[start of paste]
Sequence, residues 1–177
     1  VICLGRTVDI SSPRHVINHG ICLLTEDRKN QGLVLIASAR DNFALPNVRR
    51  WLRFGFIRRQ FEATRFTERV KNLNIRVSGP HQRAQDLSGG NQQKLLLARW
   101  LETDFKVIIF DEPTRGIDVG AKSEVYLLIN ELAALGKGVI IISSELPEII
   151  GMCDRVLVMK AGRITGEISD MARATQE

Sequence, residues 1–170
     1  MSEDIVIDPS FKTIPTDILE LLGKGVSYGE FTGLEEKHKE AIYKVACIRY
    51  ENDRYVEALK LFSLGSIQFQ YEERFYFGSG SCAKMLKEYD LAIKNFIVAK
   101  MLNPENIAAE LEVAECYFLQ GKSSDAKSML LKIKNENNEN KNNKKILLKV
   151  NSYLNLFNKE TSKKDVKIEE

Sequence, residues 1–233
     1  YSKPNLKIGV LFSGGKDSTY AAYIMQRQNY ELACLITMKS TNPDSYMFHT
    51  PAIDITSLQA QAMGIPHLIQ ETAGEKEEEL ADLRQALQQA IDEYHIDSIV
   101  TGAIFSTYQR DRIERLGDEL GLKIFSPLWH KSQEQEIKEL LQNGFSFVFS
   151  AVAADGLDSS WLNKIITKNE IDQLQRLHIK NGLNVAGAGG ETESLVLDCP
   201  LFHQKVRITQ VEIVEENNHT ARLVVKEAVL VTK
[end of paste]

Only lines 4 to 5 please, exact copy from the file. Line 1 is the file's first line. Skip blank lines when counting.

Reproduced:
   101  LETDFKVIIF DEPTRGIDVG AKSEVYLLIN ELAALGKGVI IISSELPEII
   151  GMCDRVLVMK AGRITGEISD MARATQE